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Today we have a new resource for sharing science poems with children.

Science poems? Yes, like "Comet Hunter" by Holly Thompson, which she reads in this video:
 

 

The resource is The Poetry Friday Anthology for Science (Teacher's Edition): Poems for the School Year Integrating Science, Reading, and Language Arts by Sylvia Vardell and Janet Wong.

 

The K-5 Teacher Edition has a poem for each week of a school year (36 weeks) for Kindergarten through 5th grade, for a total of 218 science poems by 78 poets. To help extend the poems, every one is accompanied by a 5-step mini-lesson with connections to the new Next Generation Science Standards.

student-editions

Separate student editions are also available for each grade that have 36 poems (plus a few bonus poems), each on a separate page and illustrated with line drawings.

Why combine poetry with science? As the authors suggest, a poem can be read and enjoyed by children with a range of reading abilities. The use of sensory language and vivid imagery is likely to bring a new depth to scientific concepts. Also, poems that are read aloud and savored can make science topics more memorable.

One benefit that the authors don't mention is that children who regularly hear poetry on different topics just might be inspired to write poetry of their own. I know I was:

Milkweed Beetle
By Roberta Gibson

Gently touch a milkweed beetle,
And it will give a squeak.
Bet you didn’t know an insect
So very small could speak.

All in all, The Poetry Friday Anthology for Science makes sharing science poems on a regular basis throughout the year a breeze. Aren't you ready to see where that could take your children?

Paperback: 308 pages
Publisher: Pomelo Books (February 28, 2014)
Language: English
ISBN-10: 1937057976
ISBN-13: 978-1937057978

Do you write poetry for children or interested in reading more? Poetry Friday is an ongoing blogging digest by a group who share their poetry on Fridays. You can find a list of upcoming roundups and archives of past years at the Kidlitosphere Central website.

Disclosures: This book was provided for review by the publisher. Also, I am an affiliate for Amazon, and if you click through the linked titles or ads and make a purchase, I will receive a small commission at no extra charge to you. Proceeds will be used to maintain this self-hosted blog.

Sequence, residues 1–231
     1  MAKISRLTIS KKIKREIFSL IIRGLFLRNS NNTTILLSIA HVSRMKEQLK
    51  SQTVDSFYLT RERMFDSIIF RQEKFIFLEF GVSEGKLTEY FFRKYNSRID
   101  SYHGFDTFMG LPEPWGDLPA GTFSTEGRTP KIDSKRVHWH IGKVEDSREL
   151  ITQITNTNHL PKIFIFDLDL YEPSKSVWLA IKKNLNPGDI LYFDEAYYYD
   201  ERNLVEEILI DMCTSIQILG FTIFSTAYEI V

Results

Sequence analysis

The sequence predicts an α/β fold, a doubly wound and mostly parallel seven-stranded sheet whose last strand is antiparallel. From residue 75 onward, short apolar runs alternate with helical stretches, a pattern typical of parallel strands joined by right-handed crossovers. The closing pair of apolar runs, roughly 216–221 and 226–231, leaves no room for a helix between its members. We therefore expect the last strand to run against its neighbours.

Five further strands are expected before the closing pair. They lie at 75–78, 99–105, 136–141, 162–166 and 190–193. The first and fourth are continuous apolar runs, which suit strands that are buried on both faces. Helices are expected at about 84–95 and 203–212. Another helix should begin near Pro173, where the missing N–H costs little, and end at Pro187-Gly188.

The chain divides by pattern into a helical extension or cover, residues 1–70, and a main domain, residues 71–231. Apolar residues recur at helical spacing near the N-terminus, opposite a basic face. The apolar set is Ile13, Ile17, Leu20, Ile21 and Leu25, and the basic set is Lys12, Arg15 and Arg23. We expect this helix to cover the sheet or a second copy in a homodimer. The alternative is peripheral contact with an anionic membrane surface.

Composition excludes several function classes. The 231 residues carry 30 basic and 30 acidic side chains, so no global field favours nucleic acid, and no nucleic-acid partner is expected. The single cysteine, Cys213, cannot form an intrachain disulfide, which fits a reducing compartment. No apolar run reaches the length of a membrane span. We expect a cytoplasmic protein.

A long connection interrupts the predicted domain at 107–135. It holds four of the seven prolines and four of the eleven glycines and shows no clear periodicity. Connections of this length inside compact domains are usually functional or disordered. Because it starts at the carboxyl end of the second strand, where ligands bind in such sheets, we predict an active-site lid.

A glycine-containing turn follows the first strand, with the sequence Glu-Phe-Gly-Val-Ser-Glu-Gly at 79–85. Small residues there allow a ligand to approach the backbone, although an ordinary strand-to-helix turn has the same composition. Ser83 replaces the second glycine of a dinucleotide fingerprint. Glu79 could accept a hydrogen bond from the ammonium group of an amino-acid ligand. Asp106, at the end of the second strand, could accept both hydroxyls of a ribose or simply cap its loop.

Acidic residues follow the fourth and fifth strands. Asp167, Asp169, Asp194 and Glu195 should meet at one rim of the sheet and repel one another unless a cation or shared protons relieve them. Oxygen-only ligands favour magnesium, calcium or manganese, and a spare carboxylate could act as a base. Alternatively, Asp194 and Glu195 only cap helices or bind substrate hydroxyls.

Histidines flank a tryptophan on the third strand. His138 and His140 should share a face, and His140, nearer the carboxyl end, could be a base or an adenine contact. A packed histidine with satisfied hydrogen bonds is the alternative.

If you are interested in children's nonfiction, you might want to visit the Nonfiction Monday blog and see what other new books bloggers have found.

nonfictionmonday

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It's STEM Friday and we're hosting this week. It's time to soar with STEM poetry books about astronomy.

Note:  Title links take you to more information at Amazon.

Blast-off-poems

When my son was small, we discovered Blast Off: Poems About Space (I Can Read), compiled by Lee Bennett Hopkins and illustrated by Melissa Sweet (1995). The book features the poem "Children of the Sun" by Brod Bagert, which starts:

"Mercury's small
Almost nothing at all.
Venus is bright and near…"

It was a wonderful way to memorize both a poem and the names of the planets. Of course it is slightly out of date because Pluto is no longer a planet, but many of the others in the collection are still ring true and clear.

As of today, the poems from Blast Off are available for reading on the Internet.

out-of-this-world

Out of This World: Poems and Facts about Space by Amy Sklansky and illustrated by Stacey Schuett (2012) really lives up to its name. The poems are fun, creative and absolutely perfect for kids. For example, in the poem "Zero Gravity" some of the lines are flipped over. How creative!

Each poem is accompanied by a black sidebar labeled "Fact" that explains scientific concepts or fills in the history of events that are mentioned.

comets-stars-moon-mars

You could teach a robust unit on STEM poetry with just Douglas Florian's fabulous books. Comets, Stars, the Moon, and Mars: Space Poems and Paintings (2007) is probably the one most geared to older children.

Personally, I love Florian's playful style and fun-filled illustrations. In this book there are cut out circles in some of the pages that move images from one page to another, some playing with changes in scale while doing so. For example, the planet Mercury is a cut out that reveals the much larger Venus on the page behind it.

 

and-then-there-were

And Then There Were Eight: Poems about Space (Poetry) (A+ Books: Poetry) by Laura Purdie Salas (2008) is fresh and lively. Salas is devoted to her craft, and presents poems in different forms, and then explains each in the backmatter. This book would work well for a unit on poetry as it does for a unit on space.

 

roaring-rockets

Although not a collection of poems, the rhyming couplets in Roaring Rockets (Amazing Machines) by Tony Mitton and Ant Parker (2000) are perfect for toddlers and preschoolers.

Are you ready to try science poetry now? Do you have any favorite poetry books about space that aren't on the list? We'd love to hear about them!